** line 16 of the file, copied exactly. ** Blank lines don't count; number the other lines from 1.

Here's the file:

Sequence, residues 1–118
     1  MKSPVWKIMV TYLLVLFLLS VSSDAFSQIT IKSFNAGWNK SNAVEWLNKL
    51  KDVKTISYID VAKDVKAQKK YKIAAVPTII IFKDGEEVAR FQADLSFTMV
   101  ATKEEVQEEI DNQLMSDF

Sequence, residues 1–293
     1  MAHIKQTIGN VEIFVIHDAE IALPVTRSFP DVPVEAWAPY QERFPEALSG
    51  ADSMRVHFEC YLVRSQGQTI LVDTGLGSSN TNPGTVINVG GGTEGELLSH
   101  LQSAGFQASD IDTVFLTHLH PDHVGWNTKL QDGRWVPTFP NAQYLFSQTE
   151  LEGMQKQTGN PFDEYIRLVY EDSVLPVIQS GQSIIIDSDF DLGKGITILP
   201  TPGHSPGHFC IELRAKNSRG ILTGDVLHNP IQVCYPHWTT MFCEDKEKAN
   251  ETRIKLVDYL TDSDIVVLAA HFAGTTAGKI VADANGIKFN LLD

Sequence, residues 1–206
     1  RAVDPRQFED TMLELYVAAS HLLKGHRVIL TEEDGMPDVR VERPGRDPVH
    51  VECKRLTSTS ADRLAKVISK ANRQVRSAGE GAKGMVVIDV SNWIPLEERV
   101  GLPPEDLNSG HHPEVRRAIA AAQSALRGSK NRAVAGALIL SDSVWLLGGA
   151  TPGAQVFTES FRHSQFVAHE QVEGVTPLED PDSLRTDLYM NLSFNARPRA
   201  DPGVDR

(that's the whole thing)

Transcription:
   151  TPGAQVFTES FRHSQFVAHE QVEGVTPLED PDSLRTDLYM NLSFNARPRA